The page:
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Tech21 Summit: inspiring ākonga into tech careers

By Education Gazette editors

New Zealand’s technology workforce needs more diversity and one event is aiming to help achieve that – by appealing to young Māori, Pacific and female learners and showcasing the possibilities that await them if they pursue a tech career pathway.   

Tech week

Approximately 1500 Year 7-10 students from south Auckland schools are expected to attend the Tech21 Young Innovators Summit at the Vodafone Events Centre on 24 May. 

The Tech21 Summit is a collaboration between NZTech and the Ministry of Education and aims to engage teachers, career advisors, educators, leaders, ākonga (learners) and their whānau in technology learning and career pathways.  

The event is part of Tech Week, which will see events held all around the country with a goal of inspiring the next generation into technology careers and opportunities, looking at what the future is holding and showcasing New Zealand Technology. 

Skill shortage 

For Graeme Muller, the chief executive of NZTech, which organises Tech Week, the South Auckland summit is a huge opportunity. 

“NZTech is a not-for-profit NGO, started 12 years ago as an industry body for technology. Its objective was: how do we use technology to create a more socially and economically prosperous New Zealand?   

“The common theme across all of the companies and organisations is that there are a massive number of jobs, there is a shortage of skills, and there is a real issue with lack of diversity.” 

NZTech’s recent research shows that less than three percent of the tech workforce are Pacific people, four percent are Māori, and 27 percent of the tech workforce are female.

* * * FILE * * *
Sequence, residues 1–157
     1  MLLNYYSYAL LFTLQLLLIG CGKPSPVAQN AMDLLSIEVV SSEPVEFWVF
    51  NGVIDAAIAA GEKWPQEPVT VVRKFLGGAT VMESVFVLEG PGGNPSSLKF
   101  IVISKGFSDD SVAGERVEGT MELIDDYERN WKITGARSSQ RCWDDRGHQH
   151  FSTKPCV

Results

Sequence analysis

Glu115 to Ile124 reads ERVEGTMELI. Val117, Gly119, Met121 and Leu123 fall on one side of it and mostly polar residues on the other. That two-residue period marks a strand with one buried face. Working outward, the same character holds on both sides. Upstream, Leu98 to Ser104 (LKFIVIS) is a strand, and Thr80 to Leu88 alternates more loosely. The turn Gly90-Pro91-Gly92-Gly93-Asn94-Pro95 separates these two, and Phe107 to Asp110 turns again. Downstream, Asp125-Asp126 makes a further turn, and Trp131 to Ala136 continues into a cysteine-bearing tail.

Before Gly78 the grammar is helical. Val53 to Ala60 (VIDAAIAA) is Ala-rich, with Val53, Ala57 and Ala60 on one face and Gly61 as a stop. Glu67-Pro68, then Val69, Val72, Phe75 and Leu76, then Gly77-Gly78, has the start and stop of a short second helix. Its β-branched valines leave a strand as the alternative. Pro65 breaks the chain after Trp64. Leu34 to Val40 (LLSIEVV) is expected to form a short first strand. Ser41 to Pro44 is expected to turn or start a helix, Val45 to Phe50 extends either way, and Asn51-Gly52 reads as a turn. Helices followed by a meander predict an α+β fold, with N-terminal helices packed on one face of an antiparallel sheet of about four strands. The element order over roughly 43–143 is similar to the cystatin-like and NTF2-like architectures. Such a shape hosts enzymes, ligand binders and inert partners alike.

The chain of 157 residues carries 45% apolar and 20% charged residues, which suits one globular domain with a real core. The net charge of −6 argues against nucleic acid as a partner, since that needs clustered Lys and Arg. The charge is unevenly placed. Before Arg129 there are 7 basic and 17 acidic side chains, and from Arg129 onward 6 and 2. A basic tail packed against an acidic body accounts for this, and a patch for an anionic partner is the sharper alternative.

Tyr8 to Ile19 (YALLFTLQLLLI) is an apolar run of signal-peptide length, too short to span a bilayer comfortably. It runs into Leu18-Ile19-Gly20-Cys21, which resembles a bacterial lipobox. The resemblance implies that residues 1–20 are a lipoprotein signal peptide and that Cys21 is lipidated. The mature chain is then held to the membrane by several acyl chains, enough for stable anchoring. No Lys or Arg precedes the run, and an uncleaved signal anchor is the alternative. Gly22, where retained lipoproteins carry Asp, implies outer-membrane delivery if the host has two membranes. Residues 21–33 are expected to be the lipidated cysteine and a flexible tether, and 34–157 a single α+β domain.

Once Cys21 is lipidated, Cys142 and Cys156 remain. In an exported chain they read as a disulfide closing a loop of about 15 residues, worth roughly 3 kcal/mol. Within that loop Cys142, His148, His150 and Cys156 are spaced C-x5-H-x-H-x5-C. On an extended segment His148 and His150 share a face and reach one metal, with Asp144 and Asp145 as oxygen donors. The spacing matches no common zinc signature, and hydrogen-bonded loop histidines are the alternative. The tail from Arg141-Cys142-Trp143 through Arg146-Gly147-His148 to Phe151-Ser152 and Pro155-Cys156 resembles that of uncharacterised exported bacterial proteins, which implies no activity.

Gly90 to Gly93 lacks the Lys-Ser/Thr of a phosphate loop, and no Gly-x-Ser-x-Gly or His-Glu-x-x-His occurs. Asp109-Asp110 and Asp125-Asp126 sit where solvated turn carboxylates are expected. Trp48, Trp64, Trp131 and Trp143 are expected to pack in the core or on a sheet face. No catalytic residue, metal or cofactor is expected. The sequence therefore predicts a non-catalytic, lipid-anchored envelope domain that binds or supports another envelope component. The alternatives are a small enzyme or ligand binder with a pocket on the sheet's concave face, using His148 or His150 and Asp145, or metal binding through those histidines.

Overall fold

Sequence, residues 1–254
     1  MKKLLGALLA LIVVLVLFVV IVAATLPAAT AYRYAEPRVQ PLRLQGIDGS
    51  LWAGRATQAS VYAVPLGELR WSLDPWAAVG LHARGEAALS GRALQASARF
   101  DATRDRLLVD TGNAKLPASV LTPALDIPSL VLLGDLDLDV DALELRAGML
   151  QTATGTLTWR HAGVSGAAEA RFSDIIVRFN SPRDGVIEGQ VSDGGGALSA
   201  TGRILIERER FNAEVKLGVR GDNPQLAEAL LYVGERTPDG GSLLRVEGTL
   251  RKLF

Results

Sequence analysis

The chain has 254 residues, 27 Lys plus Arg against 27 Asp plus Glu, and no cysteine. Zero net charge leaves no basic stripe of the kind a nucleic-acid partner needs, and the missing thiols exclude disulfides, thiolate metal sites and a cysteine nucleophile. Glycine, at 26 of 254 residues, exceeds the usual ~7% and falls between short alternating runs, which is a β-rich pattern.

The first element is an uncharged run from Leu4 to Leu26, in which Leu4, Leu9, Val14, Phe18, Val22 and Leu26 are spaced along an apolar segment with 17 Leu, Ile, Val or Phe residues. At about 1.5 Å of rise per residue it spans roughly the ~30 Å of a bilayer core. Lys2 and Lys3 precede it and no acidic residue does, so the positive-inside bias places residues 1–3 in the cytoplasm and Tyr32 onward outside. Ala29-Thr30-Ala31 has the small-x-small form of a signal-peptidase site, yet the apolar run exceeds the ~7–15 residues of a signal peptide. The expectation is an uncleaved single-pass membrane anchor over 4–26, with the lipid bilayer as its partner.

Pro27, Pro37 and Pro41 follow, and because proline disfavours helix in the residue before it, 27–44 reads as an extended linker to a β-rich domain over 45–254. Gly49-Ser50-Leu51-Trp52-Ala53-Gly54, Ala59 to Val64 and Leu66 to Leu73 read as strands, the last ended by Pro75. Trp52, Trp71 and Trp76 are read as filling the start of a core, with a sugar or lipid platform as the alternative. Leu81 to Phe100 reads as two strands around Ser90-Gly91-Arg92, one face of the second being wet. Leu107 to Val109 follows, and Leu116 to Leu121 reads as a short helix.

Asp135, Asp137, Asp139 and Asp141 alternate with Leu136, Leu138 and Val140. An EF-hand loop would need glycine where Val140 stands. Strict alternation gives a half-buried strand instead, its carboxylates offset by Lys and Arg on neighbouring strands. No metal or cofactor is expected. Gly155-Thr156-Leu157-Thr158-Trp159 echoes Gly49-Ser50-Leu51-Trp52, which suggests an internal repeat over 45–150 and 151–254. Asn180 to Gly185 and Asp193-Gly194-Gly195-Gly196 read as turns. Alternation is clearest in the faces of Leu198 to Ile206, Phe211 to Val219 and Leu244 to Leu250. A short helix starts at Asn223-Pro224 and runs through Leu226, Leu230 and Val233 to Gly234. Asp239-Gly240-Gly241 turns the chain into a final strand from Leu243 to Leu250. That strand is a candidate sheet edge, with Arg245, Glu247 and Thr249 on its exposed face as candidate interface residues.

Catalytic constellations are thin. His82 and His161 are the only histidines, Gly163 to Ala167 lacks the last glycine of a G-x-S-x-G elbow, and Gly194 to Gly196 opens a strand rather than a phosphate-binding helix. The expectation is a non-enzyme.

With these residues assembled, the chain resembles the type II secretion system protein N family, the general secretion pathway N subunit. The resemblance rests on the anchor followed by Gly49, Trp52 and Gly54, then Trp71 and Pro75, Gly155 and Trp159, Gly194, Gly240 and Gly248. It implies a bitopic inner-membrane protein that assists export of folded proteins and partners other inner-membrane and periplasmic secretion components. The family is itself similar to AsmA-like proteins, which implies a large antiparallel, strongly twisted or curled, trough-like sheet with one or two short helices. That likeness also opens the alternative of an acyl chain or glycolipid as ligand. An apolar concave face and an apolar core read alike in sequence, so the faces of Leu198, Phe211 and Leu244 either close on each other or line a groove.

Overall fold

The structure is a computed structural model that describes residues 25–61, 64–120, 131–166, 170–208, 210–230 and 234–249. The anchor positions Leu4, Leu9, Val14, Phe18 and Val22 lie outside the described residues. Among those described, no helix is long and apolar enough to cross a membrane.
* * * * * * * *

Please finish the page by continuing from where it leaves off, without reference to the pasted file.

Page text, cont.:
Range of opportunities 

Graeme says a common misconception is that digitech and technology work involves sitting at a computer all day, but this is not the case. The range of opportunities is broad, from digitech and biotech to high-tech manufacturing, space and genetics, says Graeme. 

He adds that they’re working with the Ministry of Education to look at ways to inspire students into these pathways, and one of them is this pilot event in South Auckland. 

“If this works well, we hope to be able to take a scaled-down version of it around the country,” he says. 

“From our perspective, we want to try to tell that story better. Advanced technologies are changing the world and are going to be the jobs of the future. Take Rocket Lab as an example – you can get into the space game in New Zealand and you don’t have to be a rocket scientist. 

“Not everybody is going to be a tech person,” says Graeme. “It’s about getting involved in the jobs and experiences that are going to set you up for the future with tech as the tool. There is a shortage of skills for every job in this fast-growing space at the moment.  

“At one end, there are the data scientists, mathematicians and coders; at the other end creative people who can do really good artwork, or understand how humans can interface with technology. The types of jobs cover the most creative people to the most analytical people and everything in between.” 

Inspiring speakers 

The Tech21 Summit will feature a plenary of high-profile speakers who have been chosen to show a window into what a tech career experience as a Māori or Pacific person is like.